The 4 Stages of Memorization

With content straight from his book, The Musician’s Way (reviewed by Natalie back in 2010), Mr. Gerald Klickstein shares 4 well-thought-out and practical stages for memorization on his blog. Each stage has some really helpful strategies for becoming a more proficient memorizer, and whether you’re a student or teacher, you’d be doing yourself a favor by learning about them and then choosing at least one to try implementing. :)  Enjoy!
ht: Facebook; http://musiciansway.com/blog/2010/05/the-four-stages-of-memorization/

Have you ever been blindsided by a memory lapse? Maybe you felt secure in practice, but, during a performance, you blanked on a passage.

I suspect that every musician has felt the jolt of memory slips.

I also believe that memory glitches could be far less common because secure memorization involves concepts and skills that any musician can learn.

This post summarizes a 4-part framework that helps both singers and instrumentalists become masterful memorizers. 

All of these ideas are fleshed out in Chapter 4 of The Musician’s Way.

Stage 1: Perception
Deep perception makes for solid memory. When we grasp the inner workings of a composition as well as how we want to shape each phrase, those rich connections lead to steadfast recall.

In contrast, shallow perception – especially that rooted solely in muscle or tactile memory – readily falls apart under pressure. Here are strategies that deepen our perceptions of a piece.

a. Clarify the compositional structure. Identify where sections and phrases begin and end; look for rhythmic, melodic, and harmonic patterns.
b. Fashion a vivid interpretive map. Explore the emotional feel of every phrase; pinpoint where phrases peak and repose; write in dynamic and articulation signs.
c. Form a robust technical map. Before you begin to memorize, verify that fingerings, bowings, tonguings, diction, and so forth are unmistakable; ensure that you can easily execute from score. If you feel flooded, choose easier music.

Stage 2: Ingraining
Ingraining is the means whereby we lay down enduring memory tracks. But beware: ingraining necessarily involves repetition, yet only mindful repetitions will do.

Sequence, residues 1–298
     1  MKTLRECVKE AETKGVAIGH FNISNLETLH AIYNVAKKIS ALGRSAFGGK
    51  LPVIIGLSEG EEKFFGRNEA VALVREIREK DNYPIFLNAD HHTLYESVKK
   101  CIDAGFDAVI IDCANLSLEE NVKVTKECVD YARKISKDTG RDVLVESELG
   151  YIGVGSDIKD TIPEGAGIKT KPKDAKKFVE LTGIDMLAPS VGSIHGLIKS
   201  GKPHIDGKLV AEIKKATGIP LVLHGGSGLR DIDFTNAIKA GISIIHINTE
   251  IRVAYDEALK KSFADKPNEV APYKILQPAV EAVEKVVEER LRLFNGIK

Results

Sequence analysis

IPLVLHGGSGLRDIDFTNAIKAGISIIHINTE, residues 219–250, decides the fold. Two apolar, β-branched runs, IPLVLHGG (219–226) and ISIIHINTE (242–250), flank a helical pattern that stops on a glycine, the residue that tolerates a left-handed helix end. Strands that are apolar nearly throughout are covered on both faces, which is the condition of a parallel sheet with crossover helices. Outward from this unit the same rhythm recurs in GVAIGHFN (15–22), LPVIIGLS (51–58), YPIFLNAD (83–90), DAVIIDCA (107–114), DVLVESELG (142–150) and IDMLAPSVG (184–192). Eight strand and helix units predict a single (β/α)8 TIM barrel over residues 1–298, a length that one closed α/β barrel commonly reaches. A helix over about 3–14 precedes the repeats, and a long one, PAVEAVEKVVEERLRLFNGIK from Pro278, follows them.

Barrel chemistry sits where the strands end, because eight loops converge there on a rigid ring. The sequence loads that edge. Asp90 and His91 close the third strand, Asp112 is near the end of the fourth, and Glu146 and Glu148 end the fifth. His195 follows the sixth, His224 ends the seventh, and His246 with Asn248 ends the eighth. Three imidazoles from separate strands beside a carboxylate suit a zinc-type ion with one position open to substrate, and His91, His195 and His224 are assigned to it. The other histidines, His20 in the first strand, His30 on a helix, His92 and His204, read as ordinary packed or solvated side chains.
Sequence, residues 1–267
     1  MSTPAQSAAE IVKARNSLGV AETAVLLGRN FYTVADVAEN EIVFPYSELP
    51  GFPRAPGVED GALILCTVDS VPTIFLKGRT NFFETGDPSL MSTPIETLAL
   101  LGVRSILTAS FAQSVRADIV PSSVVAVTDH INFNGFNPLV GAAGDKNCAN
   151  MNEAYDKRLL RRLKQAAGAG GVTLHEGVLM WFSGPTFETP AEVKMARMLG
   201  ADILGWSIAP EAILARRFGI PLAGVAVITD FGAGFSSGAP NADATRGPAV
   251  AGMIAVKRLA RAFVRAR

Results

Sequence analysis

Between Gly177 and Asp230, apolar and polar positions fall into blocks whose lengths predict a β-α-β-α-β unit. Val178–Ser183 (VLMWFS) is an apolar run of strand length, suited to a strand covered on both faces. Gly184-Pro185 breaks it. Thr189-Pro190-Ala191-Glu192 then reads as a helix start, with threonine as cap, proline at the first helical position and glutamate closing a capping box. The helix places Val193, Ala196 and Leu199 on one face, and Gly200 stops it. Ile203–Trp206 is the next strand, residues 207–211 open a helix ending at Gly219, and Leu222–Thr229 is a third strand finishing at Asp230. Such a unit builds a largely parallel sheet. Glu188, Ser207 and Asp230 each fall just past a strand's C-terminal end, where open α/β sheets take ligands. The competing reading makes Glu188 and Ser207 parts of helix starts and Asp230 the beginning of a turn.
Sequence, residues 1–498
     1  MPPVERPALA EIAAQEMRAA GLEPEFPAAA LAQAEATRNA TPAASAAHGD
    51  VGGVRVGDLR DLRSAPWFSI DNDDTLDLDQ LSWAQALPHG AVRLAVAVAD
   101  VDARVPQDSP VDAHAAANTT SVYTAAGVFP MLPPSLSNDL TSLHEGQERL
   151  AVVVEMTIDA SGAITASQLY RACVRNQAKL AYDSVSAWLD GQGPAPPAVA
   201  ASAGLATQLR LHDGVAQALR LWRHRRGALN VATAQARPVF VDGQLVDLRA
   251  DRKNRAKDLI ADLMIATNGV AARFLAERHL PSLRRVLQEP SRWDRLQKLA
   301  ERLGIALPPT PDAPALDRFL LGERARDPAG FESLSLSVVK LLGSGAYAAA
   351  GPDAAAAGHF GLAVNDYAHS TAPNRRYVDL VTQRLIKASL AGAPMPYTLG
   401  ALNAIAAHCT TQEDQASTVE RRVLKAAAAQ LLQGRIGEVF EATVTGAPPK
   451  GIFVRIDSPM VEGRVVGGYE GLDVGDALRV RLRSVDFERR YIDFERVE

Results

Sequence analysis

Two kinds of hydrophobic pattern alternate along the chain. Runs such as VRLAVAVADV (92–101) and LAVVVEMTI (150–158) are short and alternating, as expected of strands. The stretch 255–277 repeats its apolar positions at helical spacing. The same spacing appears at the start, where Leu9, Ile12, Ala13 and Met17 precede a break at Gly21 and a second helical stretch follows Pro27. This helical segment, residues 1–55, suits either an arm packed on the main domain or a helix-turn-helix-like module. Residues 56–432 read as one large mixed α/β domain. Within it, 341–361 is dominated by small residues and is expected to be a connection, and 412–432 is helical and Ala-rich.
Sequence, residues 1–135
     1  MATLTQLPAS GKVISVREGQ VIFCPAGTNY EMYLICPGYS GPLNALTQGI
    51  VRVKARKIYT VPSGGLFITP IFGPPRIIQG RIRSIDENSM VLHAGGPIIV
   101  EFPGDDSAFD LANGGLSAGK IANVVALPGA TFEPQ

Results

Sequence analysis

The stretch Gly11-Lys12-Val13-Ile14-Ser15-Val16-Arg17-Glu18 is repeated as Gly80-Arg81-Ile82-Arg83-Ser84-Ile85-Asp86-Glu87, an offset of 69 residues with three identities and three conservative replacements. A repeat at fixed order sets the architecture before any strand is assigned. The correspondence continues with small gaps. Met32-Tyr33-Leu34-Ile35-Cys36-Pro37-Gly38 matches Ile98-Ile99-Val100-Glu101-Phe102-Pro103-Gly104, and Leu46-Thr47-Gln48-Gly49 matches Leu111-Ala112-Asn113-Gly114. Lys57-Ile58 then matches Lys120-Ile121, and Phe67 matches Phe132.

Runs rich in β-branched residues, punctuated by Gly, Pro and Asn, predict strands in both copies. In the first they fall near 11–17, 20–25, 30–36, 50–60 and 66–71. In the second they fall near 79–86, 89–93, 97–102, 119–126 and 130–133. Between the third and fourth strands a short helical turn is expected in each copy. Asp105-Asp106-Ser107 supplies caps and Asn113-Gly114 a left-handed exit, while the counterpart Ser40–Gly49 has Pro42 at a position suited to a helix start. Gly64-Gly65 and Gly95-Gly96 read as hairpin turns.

a. Plan your practice. Schedule frequent memorization sessions in which you restrict the amount of music that you memorize – if you exceed your limit, much of what you absorb could become scrambled. Also get ample sleep to allow your brain to consolidate what you’ve learned.
b. Combine imaging with executing. Mentally image a portion of music from memory before you attempt to play or sing it; if anything seems fuzzy, review with the score. In general, execute a portion securely from memory three times in a row, then steadily link portions.
c. Employ diverse memory types. Memory types include conceptual, aural, kinesthetic, and visual. To highlight different types, you might play hands alone, re-examine chord progressions, sing bass lines, recite song text without singing, or write out tricky passages. Most of all, savor every phrase that you play or sing so that the music vibrates with meaning.

Stage 3: Maintenance
Even if we ingrain deeply, unless we maintain our memory, the mental connections we form will gradually disintegrate. Here are strategies that keep memories strong…KEEP READING!!!

 

Musaic – A New Treasure Trove of Advice from Music Professionals!

As I’ve attended music teacher workshops and conferences over the years, one of the highlights has always been attending master classes. I love watching other teachers interact with students and gleaning insights that I can utilize in my own teaching. Musaic – an initiative of New World Symphony – seeks to bring masterclasses and dozens of other videos from professional musicians right to your fingertips! In addition to masterclasses, you can view a growing collection of performances, tips, and how-to videos that will prove beneficial to music teachers and students alike. What a great project!

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HT: The Musician’s Way Newsletter (November-December 2014)